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Can't Ever Keep a Good Food Town Down

by Pableaux Johnson

No matter what happens, even the hell of high water, New Orleanians will gather as soon as possible around the table. These are our ways of surviving the communal tribulations: Sunday family dinners at Mandina's; Monday night's red beans simmering on the home stove; Holy Thursday green gumbo at Dooky Chase; and a good, solid po'boy sandwich or a dozen raw oysters just about anywhere in town. More than one person at the table in New Orleans is a congregation, with services held at late-night bars and neighborhood joints, always including the swapping of stories with friends—and often with strangers, too. The city is as blessed with natural good cooks and chefs as any other, but we do what we do without much of the ranking mentality you'll find elsewhere. We'll just send you to our special places to sample the food, drink, and common spirit that makes New Orleans the only possible home for us, the only place like it in America. Pull up a chair. You're welcome any time.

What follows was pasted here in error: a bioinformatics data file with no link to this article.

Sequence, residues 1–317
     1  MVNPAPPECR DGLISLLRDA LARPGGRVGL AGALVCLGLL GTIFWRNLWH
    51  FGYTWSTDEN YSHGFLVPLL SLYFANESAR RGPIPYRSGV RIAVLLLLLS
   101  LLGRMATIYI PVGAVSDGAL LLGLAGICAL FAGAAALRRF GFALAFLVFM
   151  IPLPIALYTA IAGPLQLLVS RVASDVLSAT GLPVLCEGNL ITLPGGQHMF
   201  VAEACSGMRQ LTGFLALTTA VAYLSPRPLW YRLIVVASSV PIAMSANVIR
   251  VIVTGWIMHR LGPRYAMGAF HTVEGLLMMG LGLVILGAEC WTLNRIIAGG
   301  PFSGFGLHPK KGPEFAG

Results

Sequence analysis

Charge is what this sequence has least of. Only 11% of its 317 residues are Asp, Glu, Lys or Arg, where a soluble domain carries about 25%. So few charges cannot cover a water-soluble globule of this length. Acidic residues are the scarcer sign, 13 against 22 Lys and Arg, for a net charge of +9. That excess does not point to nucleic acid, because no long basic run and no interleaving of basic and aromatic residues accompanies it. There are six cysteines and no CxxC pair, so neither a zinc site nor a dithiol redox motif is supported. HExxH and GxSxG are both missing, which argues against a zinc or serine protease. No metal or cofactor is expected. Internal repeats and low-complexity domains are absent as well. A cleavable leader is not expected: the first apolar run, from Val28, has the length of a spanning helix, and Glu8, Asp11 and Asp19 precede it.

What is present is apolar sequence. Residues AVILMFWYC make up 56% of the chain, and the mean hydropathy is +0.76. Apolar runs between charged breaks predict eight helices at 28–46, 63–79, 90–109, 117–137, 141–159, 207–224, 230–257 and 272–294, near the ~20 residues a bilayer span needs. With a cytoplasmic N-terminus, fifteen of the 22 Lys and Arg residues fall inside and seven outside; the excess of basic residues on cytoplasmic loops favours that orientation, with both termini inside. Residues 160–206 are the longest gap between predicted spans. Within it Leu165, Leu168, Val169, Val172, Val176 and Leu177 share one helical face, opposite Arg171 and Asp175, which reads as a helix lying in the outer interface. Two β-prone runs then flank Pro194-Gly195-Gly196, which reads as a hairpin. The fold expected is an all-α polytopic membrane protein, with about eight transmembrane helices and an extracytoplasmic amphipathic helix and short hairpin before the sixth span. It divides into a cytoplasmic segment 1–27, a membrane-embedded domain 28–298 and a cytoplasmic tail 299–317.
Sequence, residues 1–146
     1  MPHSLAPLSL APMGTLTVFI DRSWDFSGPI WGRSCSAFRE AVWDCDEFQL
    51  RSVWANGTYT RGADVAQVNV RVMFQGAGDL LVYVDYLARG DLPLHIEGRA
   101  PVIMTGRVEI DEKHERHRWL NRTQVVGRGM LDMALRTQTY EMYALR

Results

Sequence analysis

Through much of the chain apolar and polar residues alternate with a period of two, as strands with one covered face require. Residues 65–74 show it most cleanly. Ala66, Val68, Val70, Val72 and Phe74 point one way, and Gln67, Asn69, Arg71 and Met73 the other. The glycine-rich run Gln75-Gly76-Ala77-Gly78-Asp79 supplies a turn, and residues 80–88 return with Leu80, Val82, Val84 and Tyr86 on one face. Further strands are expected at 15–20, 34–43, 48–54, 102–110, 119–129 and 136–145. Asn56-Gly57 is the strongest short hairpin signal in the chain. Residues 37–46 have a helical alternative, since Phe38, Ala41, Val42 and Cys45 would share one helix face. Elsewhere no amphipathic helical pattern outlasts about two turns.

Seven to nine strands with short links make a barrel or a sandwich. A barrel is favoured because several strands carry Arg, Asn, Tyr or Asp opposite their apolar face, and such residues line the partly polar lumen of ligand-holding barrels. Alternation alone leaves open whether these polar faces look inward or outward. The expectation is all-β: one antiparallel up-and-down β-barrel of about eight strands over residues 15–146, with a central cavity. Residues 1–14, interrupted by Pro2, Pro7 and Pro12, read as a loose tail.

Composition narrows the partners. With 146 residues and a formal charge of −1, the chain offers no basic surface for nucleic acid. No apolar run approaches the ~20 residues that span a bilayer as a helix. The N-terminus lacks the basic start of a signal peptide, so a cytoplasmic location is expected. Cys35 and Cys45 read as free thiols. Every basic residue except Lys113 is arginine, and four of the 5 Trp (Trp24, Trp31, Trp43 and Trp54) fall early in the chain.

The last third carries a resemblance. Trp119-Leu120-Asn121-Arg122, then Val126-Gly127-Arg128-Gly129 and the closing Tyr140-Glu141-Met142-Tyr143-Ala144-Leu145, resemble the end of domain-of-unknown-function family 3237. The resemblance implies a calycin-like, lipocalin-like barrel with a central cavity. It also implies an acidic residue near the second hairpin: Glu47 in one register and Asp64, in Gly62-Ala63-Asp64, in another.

Above, Dooky Chase friends and regulars gather with Creole legend and chef Leah Case (in red). Photography by Cedric Angeles.